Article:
Once we drag the variables x and y to x and y, the EBICglasso network should have the exact same layout as the correlation network.
This type of column metadata is also important for another estimator, called ‘mixed graphical models’ or ‘mgm’. Mgm is used when the data is a mixture of various types (e.g. continuous, counts, categorical). The analyses requires that you specify the type for each variable. The available types are: Gaussian (‘g’), Poisson (‘p’), or categorical (‘c’). Similar to how the layout is specified, the metadata is new variables of the form: ‘variableName = type’.
Now that we have discussed the most relevant methodology we can try to interpret the EBICglasso network. Below, we plotted the network with new layout and the corresponding centrality plot. Perhaps the most striking observation is the large variance within nodes that are supposed to belong to the same group, in particular for Conscientiousness. If we take for example node C3, we see that it has a very low Betweenness and Degree, whereas those centrality measures are much higher for node C21. Another observation is that the indicators of Neuroticism are more alike, and all seems to relate positively to another. This stands in contrast to all other groups, where there are both positive relations and negative relations among the nodes. We also see that some groups are more closely related to each other than other groups. It appears that Extraversion and Agreeableness as groups of variables are closer connected to each other (most apparent from the strong connections between the nodes E4 and A5) as compared to Neuroticism and Agreeableness.
These observations, in particular those about relations with mixed signs within groups, are at odds with the latent variable perspective (except for Neuroticism). At the very least, it raises the question whether all items within a group can be adequately described by a single latent variable. However, we should not forget that the items in this questionnaire were designed with this factor structure in mind; there certainly is some structure present in the data.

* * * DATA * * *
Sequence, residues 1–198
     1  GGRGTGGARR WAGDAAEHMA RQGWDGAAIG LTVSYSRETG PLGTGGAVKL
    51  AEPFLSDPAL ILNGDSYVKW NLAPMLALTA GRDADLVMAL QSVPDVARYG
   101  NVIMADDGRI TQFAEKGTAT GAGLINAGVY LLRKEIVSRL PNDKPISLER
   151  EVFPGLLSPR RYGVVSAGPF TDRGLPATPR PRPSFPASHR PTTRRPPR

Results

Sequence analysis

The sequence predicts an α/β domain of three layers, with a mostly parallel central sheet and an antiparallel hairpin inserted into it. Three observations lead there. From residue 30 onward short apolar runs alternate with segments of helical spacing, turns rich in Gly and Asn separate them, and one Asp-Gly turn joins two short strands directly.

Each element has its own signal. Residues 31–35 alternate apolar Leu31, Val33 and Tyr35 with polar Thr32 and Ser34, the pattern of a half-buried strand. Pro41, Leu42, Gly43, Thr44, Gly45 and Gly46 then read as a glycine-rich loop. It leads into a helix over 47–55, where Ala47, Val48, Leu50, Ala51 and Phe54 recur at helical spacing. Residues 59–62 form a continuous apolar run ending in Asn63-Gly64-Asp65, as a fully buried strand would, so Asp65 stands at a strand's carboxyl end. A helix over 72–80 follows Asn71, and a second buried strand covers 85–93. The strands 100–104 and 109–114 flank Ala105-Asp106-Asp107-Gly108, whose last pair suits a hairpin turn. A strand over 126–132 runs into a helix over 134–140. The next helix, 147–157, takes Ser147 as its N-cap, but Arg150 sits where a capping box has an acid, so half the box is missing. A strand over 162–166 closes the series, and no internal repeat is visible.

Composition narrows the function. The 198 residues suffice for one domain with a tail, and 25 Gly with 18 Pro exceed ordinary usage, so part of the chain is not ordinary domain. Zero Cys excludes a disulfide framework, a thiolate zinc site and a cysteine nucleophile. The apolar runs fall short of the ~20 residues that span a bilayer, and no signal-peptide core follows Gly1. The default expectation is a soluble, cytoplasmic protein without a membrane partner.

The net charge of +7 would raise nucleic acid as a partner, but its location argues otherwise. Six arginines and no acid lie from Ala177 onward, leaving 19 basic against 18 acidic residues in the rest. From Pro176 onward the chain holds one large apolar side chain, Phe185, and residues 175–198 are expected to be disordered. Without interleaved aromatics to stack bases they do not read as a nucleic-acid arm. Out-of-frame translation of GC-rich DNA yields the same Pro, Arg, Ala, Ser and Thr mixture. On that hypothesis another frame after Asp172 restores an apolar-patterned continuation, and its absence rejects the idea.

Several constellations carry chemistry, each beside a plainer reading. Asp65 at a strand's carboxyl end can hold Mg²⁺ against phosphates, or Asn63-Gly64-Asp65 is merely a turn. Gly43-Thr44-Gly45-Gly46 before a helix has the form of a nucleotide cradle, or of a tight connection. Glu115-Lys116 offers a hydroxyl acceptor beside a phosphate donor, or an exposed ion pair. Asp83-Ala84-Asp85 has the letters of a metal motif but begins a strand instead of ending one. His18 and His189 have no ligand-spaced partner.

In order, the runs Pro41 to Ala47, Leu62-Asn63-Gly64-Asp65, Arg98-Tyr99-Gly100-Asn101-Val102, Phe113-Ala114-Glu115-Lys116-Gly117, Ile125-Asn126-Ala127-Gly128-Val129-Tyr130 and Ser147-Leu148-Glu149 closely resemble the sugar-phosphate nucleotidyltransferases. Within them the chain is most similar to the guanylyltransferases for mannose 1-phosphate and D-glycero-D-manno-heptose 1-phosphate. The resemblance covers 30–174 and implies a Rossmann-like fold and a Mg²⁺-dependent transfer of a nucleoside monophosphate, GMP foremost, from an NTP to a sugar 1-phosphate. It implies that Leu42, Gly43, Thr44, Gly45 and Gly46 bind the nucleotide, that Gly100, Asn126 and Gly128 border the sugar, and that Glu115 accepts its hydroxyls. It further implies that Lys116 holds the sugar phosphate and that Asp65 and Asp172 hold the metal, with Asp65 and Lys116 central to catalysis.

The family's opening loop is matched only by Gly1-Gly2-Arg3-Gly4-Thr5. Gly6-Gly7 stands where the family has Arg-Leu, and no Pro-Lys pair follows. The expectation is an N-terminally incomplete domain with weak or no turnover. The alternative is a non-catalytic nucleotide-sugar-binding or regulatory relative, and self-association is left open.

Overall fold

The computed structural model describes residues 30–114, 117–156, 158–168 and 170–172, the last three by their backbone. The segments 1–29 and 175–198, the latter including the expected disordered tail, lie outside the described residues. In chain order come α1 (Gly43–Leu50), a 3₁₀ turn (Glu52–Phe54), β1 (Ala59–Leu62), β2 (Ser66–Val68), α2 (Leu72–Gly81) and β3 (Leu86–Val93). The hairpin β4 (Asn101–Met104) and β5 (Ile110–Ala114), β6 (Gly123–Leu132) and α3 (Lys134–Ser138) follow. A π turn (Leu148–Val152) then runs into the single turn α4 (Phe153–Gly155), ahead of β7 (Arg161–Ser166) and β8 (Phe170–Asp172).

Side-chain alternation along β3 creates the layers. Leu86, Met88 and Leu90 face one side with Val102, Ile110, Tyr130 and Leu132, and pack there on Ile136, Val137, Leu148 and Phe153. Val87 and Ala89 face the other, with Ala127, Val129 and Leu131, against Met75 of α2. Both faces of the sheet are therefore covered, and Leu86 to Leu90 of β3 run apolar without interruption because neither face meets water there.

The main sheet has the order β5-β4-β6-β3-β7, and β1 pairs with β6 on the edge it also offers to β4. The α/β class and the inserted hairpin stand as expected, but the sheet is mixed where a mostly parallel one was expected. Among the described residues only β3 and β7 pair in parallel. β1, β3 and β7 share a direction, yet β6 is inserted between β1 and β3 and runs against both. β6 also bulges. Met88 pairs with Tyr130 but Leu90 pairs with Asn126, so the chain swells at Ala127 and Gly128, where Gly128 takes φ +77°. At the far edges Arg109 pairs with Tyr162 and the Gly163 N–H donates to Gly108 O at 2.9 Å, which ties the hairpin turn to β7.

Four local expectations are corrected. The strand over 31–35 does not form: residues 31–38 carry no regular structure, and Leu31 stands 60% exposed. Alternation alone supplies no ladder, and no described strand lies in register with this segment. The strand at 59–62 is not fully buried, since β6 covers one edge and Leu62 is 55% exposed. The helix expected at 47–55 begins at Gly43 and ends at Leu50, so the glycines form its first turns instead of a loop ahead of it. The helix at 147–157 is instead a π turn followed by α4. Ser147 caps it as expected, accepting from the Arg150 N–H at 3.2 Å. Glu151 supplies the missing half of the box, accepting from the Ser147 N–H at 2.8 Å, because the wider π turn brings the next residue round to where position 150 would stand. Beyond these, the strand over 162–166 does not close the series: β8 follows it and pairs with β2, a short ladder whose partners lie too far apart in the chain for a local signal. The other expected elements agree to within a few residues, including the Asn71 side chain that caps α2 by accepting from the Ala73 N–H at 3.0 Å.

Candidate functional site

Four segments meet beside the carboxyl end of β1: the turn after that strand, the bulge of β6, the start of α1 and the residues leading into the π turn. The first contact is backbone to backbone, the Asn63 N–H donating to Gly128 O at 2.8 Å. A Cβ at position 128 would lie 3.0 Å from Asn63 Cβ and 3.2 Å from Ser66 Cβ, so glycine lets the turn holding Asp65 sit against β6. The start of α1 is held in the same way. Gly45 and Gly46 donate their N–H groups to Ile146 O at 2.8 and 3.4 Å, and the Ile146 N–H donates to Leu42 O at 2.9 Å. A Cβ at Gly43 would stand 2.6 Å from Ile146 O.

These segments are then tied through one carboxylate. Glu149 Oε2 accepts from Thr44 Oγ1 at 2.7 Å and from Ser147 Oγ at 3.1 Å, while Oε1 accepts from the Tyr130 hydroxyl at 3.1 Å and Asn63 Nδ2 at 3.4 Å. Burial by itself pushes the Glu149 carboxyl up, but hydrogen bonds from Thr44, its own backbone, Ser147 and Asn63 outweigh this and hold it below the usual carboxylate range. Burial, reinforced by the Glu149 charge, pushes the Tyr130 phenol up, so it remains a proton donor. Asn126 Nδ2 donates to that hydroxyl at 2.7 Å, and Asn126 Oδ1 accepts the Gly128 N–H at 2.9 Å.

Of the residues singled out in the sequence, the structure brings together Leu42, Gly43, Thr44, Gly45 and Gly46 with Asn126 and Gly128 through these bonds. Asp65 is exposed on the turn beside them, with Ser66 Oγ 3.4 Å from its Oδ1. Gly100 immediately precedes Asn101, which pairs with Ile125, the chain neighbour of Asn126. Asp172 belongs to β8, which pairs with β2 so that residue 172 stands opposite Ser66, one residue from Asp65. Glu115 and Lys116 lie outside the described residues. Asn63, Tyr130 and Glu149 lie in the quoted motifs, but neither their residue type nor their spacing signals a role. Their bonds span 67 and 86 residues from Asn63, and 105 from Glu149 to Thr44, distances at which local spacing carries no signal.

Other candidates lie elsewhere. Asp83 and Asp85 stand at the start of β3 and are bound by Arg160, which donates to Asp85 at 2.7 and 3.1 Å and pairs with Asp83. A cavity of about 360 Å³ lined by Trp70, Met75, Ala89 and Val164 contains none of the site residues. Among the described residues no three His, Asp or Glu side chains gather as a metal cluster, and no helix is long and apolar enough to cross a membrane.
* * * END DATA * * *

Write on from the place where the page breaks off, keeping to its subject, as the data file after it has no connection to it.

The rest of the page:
Sometimes the interest centers on multiple networks, for example if we want to compare relations or centrality across groups. This can be done by dragging a grouping variable to the box Split By. For example, to estimate a correlation network separate for men and women we can drag the variable ‘gender’ to Split By and obtain the output below.
This concludes our tutorial. We have briefly shown how to estimate correlation networks in JASP. However, JASP supports other network analyses as well! Feel free to check them out and reanalyze the dataset with a different estimator. Post your results on twitter. Need help with the interpretation? Ask us on the JASP Forum. Is there any method for network analysis missing? Let us know on GitHub.
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1 Nodes C2 and C3 respectively refer to the items “Continue until everything is perfect” and “Do things according to a plan”.
Epskamp, S., Borsboom, D., & Fried, E. I. (2017). Estimating psychological networks and their accuracy: a tutorial paper. Behavior Research Methods.
Epskamp, S., Cramer, A. O., Waldorp, L. J., Schmittmann, V. D., & Borsboom, D. (2012). qgraph: Network visualizations of relationships in psychometric data. Journal of Statistical Software, 48(4), 1-18.
Goldberg, L. R. (1999). A broad-bandwidth, public domain, personality inventory measuring the lower-level facets of several five-factor models. Personality psychology in Europe, 7(1), 7-28.
Revelle, W., Wilt, J., & Rosenthal, A. (2010). Individual differences in cognition: New methods for examining the personality-cognition link. In Handbook of individual differences in cognition (pp. 27-49). Springer New York.